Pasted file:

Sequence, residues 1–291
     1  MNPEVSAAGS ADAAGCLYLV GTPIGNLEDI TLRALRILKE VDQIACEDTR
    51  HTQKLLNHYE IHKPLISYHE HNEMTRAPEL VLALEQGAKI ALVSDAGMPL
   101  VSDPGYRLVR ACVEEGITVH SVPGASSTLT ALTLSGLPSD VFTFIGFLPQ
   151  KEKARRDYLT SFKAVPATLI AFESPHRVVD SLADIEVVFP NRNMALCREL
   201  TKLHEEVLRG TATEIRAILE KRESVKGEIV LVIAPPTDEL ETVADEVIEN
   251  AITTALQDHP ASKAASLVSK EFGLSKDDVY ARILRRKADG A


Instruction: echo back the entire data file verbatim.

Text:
Sequence, residues 1–291
     1  MNPEVSAAGS ADAAGCLYLV GTPIGNLEDI TLRALRILKE VDQIACEDTR
    51  HTQKLLNHYE IHKPLISYHE HNEMTRAPEL VLALEQGAKI ALVSDAGMPL
   101  VSDPGYRLVR ACVEEGITVH SVPGASSTLT ALTLSGLPSD VFTFIGFLPQ
   151  KEKARRDYLT SFKAVPATLI AFESPHRVVD SLADIEVVFP NRNMALCREL
   201  TKLHEEVLRG TATEIRAILE KRESVKGEIV LVIAPPTDEL ETVADEVIEN
   251  AITTALQDHP ASKAASLVSK EFGLSKDDVY ARILRRKADG A